reading 2016: july and (part) august

ladies lounging

(ACK! Just spent over an hour writing this and wordpress crashed! Fortunately I had saved a bit of it.)

As threatened I’ve compiled a list my July/August (to date) reading.

Holy!Goodness! I hadn’t realised how much I’d read. Little wonder I’m not accomplishing much else (though when on a roll I do read while folding laundry, cooking, doing dishes, doing squats and sit-ups and whereever else I can manage).

I’m learning a (fortunately not expensive!) lesson about bargain novels! And that I really need to keep notes as I go.

On with the show:

Paddy Manning: Born to Rule: The unauthorised biography of Malcolm Turnbull (strangely now doesn’t seem to be available on

I have a lot of feelings about this.

Bought in December when it was such a relief to have the urbane, educated, moderate Turnbull as PM after the National Embarrassment of Tony (SirPrincePhilip) Abbott. I’d really enjoyed Annabel Crabb’s 2009 essay on Turnbull – which I now realise was a bit of a hagiography – and expected kind of similar.

The book went on hold while I spent a few months ploughing through War and Peace. Started reading just before the Federal election was called and it took an age to get through. I think this was because the combination of the contents and the campaign left my with quite the sour taste and not a little loathing. Why I did not abandon it and move on to something else is something I need to work on!

And then it was onto something a little lighter:

Viveca Sten: Still Waters (Sandhamn Murders Book 1). Not terrible, not brilliant. I found it to be quite a bit like Camilla Lackberg, but admittedly that could be a translation thing.

Viveca Sten: Closed Circles (Sandhamn Murders). On a kick. Didn’t think this quite measured up to the first. Fortunately there were no more in the amazon store, else I would have probably bought them just to finish the series.

Elizabeth Edmondson: A Man of Some Repute (A Very English Mystery Book 1). Seduced by cover and ridiculously cheap price of $1.49. I suspect full of anachronisms, but I couldn’t be bothered confirming because I wasn’t that engaged. A little clunky and ham-fisted in parts, occasionally charming. I regret not book-marking some of the more terrible lines.

Elizabeth Edmondson: A Question of Inheritance (A Very English Mystery Book 2). Clearly I was engaged enough to lash out an extra $1.49 and read the next in the series. Again, thankfully there were only two. More clunky, less charming. Not awful.

Janie Bolitho: Plotted in Cornwall (Rose Trevelyan Series). Somewhat hard going. Desperately needed the services of a good editor. Another example of books being under $5.00 for a reason.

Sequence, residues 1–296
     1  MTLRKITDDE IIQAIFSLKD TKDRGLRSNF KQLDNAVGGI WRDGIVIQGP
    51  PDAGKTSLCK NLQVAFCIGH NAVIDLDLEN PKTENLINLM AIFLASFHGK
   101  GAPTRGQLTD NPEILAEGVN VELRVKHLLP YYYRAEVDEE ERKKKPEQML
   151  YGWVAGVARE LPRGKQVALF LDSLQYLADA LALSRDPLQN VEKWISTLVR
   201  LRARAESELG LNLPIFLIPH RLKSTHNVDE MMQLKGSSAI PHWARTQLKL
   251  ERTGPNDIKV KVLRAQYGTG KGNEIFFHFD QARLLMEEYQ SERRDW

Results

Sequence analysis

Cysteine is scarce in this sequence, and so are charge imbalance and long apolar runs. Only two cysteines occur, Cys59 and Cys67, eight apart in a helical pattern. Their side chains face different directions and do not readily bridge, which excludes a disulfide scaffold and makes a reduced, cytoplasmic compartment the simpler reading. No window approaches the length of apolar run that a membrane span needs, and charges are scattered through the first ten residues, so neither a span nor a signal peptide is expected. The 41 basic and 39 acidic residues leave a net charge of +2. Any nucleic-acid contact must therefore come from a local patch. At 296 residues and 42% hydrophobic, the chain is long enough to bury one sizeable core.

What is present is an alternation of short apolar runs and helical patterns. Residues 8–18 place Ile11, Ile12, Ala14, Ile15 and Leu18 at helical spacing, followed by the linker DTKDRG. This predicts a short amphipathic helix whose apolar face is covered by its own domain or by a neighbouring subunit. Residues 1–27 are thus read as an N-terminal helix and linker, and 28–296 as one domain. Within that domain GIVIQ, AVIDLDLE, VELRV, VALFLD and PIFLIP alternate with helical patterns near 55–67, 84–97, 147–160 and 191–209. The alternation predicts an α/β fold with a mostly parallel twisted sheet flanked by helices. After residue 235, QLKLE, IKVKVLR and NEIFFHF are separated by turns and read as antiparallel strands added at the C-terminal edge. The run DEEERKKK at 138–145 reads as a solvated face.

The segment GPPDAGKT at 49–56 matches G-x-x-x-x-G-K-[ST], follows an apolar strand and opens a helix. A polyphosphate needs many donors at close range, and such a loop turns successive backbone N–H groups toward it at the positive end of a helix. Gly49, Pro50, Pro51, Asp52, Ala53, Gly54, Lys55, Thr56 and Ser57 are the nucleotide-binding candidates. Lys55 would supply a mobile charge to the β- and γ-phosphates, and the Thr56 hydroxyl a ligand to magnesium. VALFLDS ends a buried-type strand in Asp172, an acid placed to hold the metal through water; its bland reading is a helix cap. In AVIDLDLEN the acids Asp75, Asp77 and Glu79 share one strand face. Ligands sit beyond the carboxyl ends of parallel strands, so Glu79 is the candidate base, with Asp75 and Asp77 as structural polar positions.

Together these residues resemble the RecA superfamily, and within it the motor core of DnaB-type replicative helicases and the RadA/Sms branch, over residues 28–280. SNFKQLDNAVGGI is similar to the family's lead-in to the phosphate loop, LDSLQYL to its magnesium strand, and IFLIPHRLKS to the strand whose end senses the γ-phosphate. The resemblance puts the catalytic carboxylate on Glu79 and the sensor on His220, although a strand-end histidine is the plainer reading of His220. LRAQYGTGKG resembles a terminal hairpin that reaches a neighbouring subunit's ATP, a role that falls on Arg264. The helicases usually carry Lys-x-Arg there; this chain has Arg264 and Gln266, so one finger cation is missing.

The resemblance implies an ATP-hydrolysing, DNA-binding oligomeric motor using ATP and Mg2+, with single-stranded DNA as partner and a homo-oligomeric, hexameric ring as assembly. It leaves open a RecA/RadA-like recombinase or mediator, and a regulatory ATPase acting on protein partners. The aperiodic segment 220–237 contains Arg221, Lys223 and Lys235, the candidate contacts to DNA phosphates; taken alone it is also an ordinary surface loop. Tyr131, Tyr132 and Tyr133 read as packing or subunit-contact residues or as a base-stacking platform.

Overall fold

✪ It was here that I did something I rarely do – abandoned a truly dreadful book after the second chapter and requested a refund from Amazon. Even though the book cost, like $0.99, it was the principle of the thing. By all that is right and good, avoid Karen Charlton: The Heiress of Linn Hagh (The Detective Lavender Mysteries Book 1). Awful.

Jorn Lier Horst: Dregs (William Wisting Mystery). More Nordic. Another one of my bargains ($2.89). Rather more gritty than the Vivica Sten. I can’t say I was really engaged. This is a series, and miraculously I avoided getting the rest because …

Oh shiny! …

Liane Moriarty: Truly Madly Guilty. Pre-ordered as soon as amazon told me it was a thing. I don’t know what it is, but I really respond well to her characters – she does Sydney and its inhabitants really well.

Liane Moriarty: The Hypnotist’s Love Story. I then went on a bit of a Liane Moriarty frenzy and read the entire back catalogue. I guess I would call it charming (possibly a bit twee, but enjoyable twee).

Liane Moriarty: What Alice Forgot. The conceit of this is that Alice hits her head at the gym and loses her memory of the last 10 years. This lead to a whole lot of speculation of what 10 years ago carolbaby would think of current carolbaby’s life – which I should add to that list of things to post about (I’d actually been thinking about that .

Fave quote: “Whereas Alice was from the stodgy northwest, home to happy-clappy Christians, middle managers, CPAs and conveyancers”. Nailed it.

Liane Moriarty: The Last Anniversary. This is an earlier novel and I wasn’t a huge fan of it – though infinitely better than my bargain novels!

Liane Moriarty: Three Wishes. Least favourite – a little bit frenzied, verging on the manic (which kind of suited the characters, so perhaps intentional). Later novels are definitely better.

Clive Cussler: The Emperor’s Revenge: Oregon Files #11 (The Oregon Files) (oops – read #11 before #10) – deliciously terribly written and absolutely preposterous plots as ever. Fave quotes: “Because I’ve got my eye on a thirty-acre estate in Sydney”. “It caught him in midflight, chopping him to pieces in a spray of blood and gore. Nothing larger than a hand made it to the ground”.


I’ve just started Helen Russell: The Year of Living Danishly: Uncovering the Secrets of the World’s Happiest Country after reading a sample chapter.

I do like the whole “read a sample chapter” thing. I should employ it more often to avoid disappointment!


*As ever, none of these are affiliate links.

Notify of

This site uses Akismet to reduce spam. Learn how your comment data is processed.

Inline Feedbacks
View all comments